More Flexibility for Paycheck Protection Program Loan Forgiveness and Payroll Tax Deferral

June 2020

The Paycheck Protection Program Flexibility Act of 2020 (H.R. 7010) (PPP Flexibility Act), enacted on June 5, 2020, makes welcome changes to the forgiveness rules for Paycheck Protection Program (PPP) loans made to small businesses in response to the novel coronavirus global pandemic (COVID-19). The PPP Flexibility Act greatly increases the likelihood that a large percentage of a borrower’s PPP loan will be forgiven. PPP loans (and related forgiveness) were created by the Coronavirus Aid, Relief, and Economic Security Act (CARES Act) (Public Law 116-136), which was enacted on March 27, 2020. The PPP Flexibility Act also eliminates a provision that made recipients of PPP loan forgiveness ineligible to defer certain payroll tax deposits.

PPP Loan Forgiveness Expanded

The PPP Flexibility Act makes the following changes:

1. Extends the “covered period” for PPP loan forgiveness from eight weeks after loan origination to the earlier of (i) 24 weeks after loan origination or (ii) December 31, 2020. Borrowers who received their loans before this change can elect to use their original or alternative payroll eight-week covered period
. 2. Replaces the June 30, 2020, date for the rehire safe harbor with December 31, 2020. 

3. Expands the rehire exception based on the non-availability of former employees and applies that exception when the need for workers is reduced to comply with COVID-19 standards. Specifically, PPP loan forgiveness would not be reduced due to a lower number of full-time equivalent (FTE) employees if:
  • The employer is unable to rehire individuals who were employed by the employer on February 15, 2020, and the employer shows the inability to hire similarly qualified employees for unfilled positions on or before December 31, 2020, or
  • The employer documents its inability to return to the same level of business activity as it had before February 15, 2020, due to having to comply new COVID-19 standards for sanitation, social distancing or other safety requirements during the period of March 1 through December 31, 2020.

4. Allows up to 40% of the loan proceeds to be used on mortgage interest, rent or utilities (previously such expenses were capped at 25% of the loan proceeds), while at least 60% of the PPP funds must be used for payroll costs (down from the 75% that was noted in SBA guidance). This applies even if the borrower elects to use the eight-week covered or alternative payroll covered period. If the borrower does not use at least 60% of the loan on payroll costs, then it appears that no forgiveness would be available (i.e., the 60% would be a “cliff,” even though it was previously unclear whether the 75% limit would allow for partial loan forgiveness for payroll costs of less than 75% of loan proceeds).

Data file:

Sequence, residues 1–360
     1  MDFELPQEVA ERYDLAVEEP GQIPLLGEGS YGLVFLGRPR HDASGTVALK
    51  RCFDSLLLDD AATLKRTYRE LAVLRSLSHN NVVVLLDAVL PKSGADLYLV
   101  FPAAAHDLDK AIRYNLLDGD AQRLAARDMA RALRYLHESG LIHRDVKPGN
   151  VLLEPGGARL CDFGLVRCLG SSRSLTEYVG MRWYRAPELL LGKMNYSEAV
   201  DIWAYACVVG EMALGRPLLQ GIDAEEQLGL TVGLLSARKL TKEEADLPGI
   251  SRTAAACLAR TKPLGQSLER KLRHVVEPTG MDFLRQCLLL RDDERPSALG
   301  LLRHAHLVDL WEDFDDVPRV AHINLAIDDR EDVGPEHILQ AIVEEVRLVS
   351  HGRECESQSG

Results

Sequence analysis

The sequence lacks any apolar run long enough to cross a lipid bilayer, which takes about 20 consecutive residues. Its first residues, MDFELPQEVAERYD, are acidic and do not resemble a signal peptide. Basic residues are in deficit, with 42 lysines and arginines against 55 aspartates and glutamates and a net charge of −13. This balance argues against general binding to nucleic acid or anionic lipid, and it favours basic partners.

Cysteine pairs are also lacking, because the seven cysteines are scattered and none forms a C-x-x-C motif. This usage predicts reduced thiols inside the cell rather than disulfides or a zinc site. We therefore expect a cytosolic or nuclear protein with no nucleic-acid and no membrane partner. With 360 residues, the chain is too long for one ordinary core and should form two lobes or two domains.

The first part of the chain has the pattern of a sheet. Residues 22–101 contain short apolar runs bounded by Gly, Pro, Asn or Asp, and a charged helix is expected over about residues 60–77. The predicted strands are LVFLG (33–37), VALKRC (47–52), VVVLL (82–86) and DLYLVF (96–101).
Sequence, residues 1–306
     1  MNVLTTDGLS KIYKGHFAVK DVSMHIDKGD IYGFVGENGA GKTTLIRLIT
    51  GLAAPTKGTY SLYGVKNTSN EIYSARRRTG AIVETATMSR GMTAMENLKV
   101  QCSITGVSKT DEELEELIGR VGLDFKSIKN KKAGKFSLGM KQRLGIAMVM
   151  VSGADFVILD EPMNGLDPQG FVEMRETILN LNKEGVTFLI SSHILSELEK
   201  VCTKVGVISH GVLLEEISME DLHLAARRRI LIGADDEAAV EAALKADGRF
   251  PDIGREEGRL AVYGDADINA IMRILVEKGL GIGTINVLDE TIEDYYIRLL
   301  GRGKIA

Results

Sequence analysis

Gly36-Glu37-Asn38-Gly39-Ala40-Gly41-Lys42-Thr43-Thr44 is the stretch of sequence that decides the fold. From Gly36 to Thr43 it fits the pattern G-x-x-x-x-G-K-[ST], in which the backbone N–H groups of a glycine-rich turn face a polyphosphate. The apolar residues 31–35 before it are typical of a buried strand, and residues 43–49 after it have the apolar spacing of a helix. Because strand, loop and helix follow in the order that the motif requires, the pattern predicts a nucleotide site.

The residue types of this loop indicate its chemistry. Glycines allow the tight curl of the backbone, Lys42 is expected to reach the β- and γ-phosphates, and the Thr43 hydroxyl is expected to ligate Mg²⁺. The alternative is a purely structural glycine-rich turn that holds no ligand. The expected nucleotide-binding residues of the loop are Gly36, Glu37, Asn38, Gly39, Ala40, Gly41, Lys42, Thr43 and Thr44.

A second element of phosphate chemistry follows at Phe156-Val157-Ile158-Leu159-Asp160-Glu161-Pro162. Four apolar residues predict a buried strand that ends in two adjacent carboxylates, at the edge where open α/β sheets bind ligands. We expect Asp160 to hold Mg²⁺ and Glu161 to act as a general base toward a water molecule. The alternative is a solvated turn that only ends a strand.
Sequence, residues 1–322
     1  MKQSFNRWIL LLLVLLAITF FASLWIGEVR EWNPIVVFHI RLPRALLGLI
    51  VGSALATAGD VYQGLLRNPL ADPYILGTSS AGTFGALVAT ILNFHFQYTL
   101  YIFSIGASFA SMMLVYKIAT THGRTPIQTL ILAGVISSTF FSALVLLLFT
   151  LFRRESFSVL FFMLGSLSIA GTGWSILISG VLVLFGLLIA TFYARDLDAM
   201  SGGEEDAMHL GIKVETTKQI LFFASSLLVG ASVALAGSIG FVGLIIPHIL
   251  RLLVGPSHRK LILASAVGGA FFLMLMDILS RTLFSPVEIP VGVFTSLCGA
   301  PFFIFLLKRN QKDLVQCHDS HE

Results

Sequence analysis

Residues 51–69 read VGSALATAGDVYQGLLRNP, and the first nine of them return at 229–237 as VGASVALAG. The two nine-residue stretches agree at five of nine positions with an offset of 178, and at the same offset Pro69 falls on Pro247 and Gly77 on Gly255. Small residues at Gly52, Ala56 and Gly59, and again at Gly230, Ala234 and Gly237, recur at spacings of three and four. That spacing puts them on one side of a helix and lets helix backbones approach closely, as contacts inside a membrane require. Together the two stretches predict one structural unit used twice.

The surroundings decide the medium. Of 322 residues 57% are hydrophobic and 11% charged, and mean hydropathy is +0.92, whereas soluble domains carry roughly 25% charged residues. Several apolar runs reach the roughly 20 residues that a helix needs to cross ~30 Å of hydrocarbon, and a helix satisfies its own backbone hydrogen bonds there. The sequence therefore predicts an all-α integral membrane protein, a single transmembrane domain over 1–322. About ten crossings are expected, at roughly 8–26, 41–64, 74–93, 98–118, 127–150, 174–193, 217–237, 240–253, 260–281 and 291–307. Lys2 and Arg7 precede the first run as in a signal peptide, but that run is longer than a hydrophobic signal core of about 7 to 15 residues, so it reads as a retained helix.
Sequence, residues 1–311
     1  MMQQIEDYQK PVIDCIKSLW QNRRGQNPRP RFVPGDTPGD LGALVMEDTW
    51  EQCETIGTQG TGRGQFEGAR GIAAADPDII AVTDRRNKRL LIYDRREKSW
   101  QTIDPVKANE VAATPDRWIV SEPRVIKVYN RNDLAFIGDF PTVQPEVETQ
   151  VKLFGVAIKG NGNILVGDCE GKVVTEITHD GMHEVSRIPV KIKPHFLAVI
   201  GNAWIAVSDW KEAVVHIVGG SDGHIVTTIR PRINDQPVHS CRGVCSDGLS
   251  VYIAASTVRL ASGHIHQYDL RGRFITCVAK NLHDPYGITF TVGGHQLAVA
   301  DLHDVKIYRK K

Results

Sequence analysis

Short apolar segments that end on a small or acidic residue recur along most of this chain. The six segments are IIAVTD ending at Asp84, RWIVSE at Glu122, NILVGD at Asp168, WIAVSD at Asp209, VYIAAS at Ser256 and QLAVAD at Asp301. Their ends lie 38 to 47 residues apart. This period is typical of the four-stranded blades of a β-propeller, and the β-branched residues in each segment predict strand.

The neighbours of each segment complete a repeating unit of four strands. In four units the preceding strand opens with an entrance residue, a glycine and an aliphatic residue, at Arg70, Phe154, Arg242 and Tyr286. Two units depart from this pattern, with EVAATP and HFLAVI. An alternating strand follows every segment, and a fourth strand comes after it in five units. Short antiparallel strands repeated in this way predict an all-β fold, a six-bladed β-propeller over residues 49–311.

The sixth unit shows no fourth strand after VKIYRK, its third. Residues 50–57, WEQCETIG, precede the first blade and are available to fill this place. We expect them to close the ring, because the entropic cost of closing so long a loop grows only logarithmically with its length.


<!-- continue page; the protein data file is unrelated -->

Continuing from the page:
5. Provides a five-year term for all new PPP loans disbursed after June 5, 2020. Loans disbursed before that date would retain their original two-year term unless the lender and borrower renegotiate the loan into a five-year term.

6. Changes the six-month deferral period for loan repayments and interest accrual so that payments on any unforgiven amounts will begin on either (i) the date on which loan forgiveness is determined or (ii) 10 months after the end of the borrower’s covered period if forgiveness is not requested.

These changes garnered nearly unanimous, bipartisan support in both the House and Senate because the CARES Act assumed that most businesses would be up and running in a matter of weeks. But more time is needed to incur forgivable costs, because many businesses are at or near the end of their initial eight-week loan forgiveness period, yet they remain partially or fully suspended by governmental orders.
 

Payroll Tax Deferral Expanded

In addition to PPP loan changes, the bill allows all employers, even those with forgiven PPP loans, to defer the payment of 2020 employer’s Social Security taxes, with 50% of the deferred amount being payable by December 31, 2021, and the balance due by December 31, 2022. Previously, the CARES Act prohibited such payroll tax deferral after a borrower’s PPP loan was forgiven. 



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